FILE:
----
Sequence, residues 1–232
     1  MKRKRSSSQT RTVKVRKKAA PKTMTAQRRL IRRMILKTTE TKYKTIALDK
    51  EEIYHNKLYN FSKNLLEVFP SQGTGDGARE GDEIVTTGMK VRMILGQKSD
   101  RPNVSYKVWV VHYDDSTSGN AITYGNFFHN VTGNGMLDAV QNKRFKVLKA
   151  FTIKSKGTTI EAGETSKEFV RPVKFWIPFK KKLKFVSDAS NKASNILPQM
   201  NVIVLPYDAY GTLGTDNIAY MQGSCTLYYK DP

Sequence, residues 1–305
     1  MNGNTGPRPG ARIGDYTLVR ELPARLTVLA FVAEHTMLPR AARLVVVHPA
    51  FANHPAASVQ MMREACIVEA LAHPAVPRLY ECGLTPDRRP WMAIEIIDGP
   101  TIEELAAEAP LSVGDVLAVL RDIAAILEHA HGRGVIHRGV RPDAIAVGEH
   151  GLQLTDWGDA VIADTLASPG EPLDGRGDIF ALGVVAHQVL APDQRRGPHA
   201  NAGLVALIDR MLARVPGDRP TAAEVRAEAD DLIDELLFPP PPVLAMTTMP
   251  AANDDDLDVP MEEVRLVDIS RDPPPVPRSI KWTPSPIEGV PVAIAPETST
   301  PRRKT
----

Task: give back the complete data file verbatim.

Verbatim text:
Sequence, residues 1–232
     1  MKRKRSSSQT RTVKVRKKAA PKTMTAQRRL IRRMILKTTE TKYKTIALDK
    51  EEIYHNKLYN FSKNLLEVFP SQGTGDGARE GDEIVTTGMK VRMILGQKSD
   101  RPNVSYKVWV VHYDDSTSGN AITYGNFFHN VTGNGMLDAV QNKRFKVLKA
   151  FTIKSKGTTI EAGETSKEFV RPVKFWIPFK KKLKFVSDAS NKASNILPQM
   201  NVIVLPYDAY GTLGTDNIAY MQGSCTLYYK DP

Sequence, residues 1–305
     1  MNGNTGPRPG ARIGDYTLVR ELPARLTVLA FVAEHTMLPR AARLVVVHPA
    51  FANHPAASVQ MMREACIVEA LAHPAVPRLY ECGLTPDRRP WMAIEIIDGP
   101  TIEELAAEAP LSVGDVLAVL RDIAAILEHA HGRGVIHRGV RPDAIAVGEH
   151  GLQLTDWGDA VIADTLASPG EPLDGRGDIF ALGVVAHQVL APDQRRGPHA
   201  NAGLVALIDR MLARVPGDRP TAAEVRAEAD DLIDELLFPP PPVLAMTTMP
   251  AANDDDLDVP MEEVRLVDIS RDPPPVPRSI KWTPSPIEGV PVAIAPETST
   301  PRRKT